Stowe told us that the writers contemplated a different finale that didn't include — spoiler alert! — Victoria's death at Amanda's hands, and it is blowing our minds.
"There were definitely conversations about David Clarke having been a mastermind," Stowe explained. "We all discussed this, and I think they batted around with it in the writers' room. And at the beginning of this season, they toyed with the idea of what if this guy who they thought was this great guy wasn't at all. So, this young girl's journey, Amanda's journey, would have all been based on myth. And I thought that was really fascinating and very potentially tragic for her character. And, you know, the idea of Victoria, who everyone perceived as evil because they saw through Amanda's eyes, was not necessarily bad at all."
Even though the writers eventually decided to go in a very different direction, Stowe still revealed, "I feel really protective toward Victoria, and I feel she's incredibly misunderstood."
Stowe added, "If you really look at it, she was faced with a very bad choice. Her husband was an illegal terrorist. Her son was about to be taken away. While that was never strongly reinforced in the show, that was her core issue, so if they were going to take your son, what would you chose? You would choose to set somebody else up, I guess. So I don't think audiences fully understood that, but I think audiences loved to despise her."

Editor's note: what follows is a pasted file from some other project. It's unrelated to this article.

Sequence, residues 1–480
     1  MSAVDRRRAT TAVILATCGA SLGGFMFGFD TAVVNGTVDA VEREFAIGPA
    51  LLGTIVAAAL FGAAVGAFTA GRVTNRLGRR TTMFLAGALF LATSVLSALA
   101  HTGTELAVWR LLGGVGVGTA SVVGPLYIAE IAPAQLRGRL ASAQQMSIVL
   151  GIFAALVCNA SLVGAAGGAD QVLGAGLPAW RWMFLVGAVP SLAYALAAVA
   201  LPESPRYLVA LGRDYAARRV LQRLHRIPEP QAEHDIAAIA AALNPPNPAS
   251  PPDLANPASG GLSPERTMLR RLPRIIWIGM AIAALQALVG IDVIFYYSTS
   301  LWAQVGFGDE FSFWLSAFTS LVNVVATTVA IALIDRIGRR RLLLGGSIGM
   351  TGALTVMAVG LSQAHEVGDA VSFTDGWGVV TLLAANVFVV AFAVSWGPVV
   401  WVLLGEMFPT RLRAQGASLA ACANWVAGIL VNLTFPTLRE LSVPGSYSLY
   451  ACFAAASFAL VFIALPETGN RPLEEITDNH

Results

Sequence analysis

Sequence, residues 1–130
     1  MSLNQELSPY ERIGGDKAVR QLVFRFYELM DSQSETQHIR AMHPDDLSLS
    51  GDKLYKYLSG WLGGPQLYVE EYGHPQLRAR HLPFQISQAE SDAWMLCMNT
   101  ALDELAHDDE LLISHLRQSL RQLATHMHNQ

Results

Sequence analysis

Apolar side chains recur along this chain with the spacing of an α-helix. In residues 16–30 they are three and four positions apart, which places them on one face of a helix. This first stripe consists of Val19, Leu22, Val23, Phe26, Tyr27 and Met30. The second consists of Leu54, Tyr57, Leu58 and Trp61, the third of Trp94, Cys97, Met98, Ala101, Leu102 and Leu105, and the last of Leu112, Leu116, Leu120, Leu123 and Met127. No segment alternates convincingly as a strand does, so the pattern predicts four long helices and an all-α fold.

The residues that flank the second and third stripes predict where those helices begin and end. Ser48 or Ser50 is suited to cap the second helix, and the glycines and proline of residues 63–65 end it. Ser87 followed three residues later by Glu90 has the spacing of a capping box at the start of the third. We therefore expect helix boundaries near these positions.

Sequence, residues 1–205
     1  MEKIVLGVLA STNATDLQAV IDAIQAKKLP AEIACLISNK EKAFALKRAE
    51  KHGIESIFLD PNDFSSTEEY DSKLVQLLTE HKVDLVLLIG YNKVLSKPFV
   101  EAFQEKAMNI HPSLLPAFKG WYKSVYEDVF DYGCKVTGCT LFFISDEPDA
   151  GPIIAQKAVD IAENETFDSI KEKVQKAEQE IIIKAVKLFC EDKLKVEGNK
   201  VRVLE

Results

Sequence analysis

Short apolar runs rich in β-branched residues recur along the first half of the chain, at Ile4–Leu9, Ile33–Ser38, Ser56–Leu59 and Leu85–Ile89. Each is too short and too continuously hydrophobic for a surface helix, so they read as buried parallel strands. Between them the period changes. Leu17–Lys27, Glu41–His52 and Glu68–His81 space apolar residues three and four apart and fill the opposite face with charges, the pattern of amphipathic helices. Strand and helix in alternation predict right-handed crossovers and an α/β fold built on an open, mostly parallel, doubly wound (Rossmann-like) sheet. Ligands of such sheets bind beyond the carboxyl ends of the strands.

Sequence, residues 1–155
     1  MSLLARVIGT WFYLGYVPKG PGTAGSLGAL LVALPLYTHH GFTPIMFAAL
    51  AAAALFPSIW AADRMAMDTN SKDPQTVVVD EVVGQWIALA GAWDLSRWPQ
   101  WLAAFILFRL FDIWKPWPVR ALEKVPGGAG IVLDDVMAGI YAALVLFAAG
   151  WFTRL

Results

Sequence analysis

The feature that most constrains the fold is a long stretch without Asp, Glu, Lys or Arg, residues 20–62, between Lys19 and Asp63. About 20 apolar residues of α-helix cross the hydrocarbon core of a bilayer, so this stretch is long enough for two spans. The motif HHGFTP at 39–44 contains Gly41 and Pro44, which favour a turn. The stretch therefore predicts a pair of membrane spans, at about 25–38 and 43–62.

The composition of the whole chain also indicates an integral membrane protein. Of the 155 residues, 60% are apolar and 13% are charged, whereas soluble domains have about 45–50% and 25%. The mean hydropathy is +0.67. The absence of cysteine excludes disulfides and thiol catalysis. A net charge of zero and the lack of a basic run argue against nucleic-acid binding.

But Stowe understands that "because the story's told from Emily, or Amanda's, point of view, [the series finale] was probably satisfying toward the core audience."
After all, the show is called Revenge.
In her own life, Stowe spends her time working for good, unlike Victoria. The actress is currently part of the Lights, Camera, Take Action campaign, which focuses on raising awareness about multiple sclerosis (MS), a disease her father suffered from. MS affects the immune system and eats away at the protective covering of nerves, which causes problems with muscle control, vision and balance.
Image: Madeline Stowe
"I grew up in a time a time where it was a disease that was very much in the shadows. This was Missouri in the '60s," she said.
According to Stowe, her father had a particularly difficult type of MS. He died when she was in her early 20s.
Stowe explained that she, like so many other people, felt so isolated with her family while caring for her father as she grew up. And, she said, despite such support from friends and family, there weren't really people who understood what she was going through who she could talk to. Lights, Camera, Take Action gives people who have close family or friends with MS that platform to meet and talk about their struggles as well as treatment options that are now available.
"It's just a really unique experience," Stowe said, "because people are asked to write about their experiences, share them, share questions they have, and we talk. It's kind of great."
If you would like to get involved with Lights, Camera, Take Action, you can visit the website www.takeactionms.com to register for nationwide events coming in the next few months.
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